Because Twitter can assess your connections with musicians and friends, it can also project what you might like on a personal level. Of course, you can do this without Twitter by connecting Spotify to your Facebook account, but Twitter offers more ways to slice and dice the data and arguably makes it more fun and seamless to share information with your network.
To see how it works, just navigate the main #Music menu, which is structured around discovery within five categories. The default is “Popular” music, which is unfortunate since most of us don’t need Twitter to tell us who is dominating the pop charts. “Emerging” is a mish-mash of artists with no context—presumably unknown artists (at least I had never heard of them). Like “Popular,” the list seems to be the same for everybody (I tested this on multiple Twitter accounts). I assume most of these recommendations are in the pop or rock music genres, though I didn’t click on dozens of random artists to find out.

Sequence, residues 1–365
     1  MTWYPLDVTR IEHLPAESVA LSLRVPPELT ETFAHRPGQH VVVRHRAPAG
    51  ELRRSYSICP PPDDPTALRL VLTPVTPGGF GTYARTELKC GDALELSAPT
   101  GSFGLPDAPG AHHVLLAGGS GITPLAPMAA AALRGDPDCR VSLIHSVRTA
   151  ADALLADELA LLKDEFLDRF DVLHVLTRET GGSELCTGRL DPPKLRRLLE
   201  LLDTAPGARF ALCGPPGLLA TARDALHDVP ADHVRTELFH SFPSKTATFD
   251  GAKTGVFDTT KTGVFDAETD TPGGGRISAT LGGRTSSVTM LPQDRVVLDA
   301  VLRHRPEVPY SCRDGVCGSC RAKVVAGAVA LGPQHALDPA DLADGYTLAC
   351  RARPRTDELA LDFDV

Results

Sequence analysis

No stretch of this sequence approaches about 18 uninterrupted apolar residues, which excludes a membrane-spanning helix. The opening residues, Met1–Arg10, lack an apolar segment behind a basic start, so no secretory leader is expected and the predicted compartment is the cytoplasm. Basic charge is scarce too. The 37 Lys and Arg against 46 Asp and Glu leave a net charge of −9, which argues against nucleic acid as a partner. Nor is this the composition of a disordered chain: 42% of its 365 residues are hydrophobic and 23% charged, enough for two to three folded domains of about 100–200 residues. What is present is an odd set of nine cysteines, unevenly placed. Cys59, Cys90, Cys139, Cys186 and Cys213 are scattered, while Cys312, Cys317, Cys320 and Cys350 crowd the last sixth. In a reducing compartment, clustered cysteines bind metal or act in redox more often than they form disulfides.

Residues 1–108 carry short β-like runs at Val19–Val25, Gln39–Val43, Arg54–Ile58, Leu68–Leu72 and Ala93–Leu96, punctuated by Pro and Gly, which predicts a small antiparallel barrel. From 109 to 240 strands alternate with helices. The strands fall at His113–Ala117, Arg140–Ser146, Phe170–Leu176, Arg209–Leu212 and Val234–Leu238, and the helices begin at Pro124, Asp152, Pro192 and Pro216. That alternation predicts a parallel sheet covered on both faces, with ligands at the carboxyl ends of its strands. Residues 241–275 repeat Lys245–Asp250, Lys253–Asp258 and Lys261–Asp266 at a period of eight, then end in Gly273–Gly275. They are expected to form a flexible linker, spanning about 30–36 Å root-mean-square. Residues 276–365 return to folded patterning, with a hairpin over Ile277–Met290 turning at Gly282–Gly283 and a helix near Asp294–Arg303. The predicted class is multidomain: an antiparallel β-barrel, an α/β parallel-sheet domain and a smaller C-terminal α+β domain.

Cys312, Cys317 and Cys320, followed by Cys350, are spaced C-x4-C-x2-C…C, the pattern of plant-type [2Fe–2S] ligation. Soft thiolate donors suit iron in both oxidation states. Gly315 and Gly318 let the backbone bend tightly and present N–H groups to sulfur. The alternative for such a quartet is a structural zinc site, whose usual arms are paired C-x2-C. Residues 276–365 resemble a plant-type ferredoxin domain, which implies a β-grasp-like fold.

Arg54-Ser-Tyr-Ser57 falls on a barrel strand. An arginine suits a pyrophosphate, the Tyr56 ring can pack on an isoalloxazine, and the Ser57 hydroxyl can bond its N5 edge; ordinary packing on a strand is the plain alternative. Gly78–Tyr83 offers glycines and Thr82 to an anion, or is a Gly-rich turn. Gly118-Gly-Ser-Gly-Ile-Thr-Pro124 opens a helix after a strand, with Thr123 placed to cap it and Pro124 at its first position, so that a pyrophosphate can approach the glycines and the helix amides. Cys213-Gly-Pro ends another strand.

Where #Music gets interesting is when you go further down the menu to get more granular results. If you’re already following a number of artists, “Suggested Artists” does a halfway decent job of recommending people you might like. That said, when I tested it with an account that is dedicated to music and follows many other musicians (my jazz vocalist alter-ego account @CarriBella), I felt like the suggestions could have been a lot more targeted. Indeed, it doesn’t appear that Twitter is incorporating data from lists. I think lists are a better indication of what is important to users than mere follows, so I hope Twitter incorporates this data into future recommendations.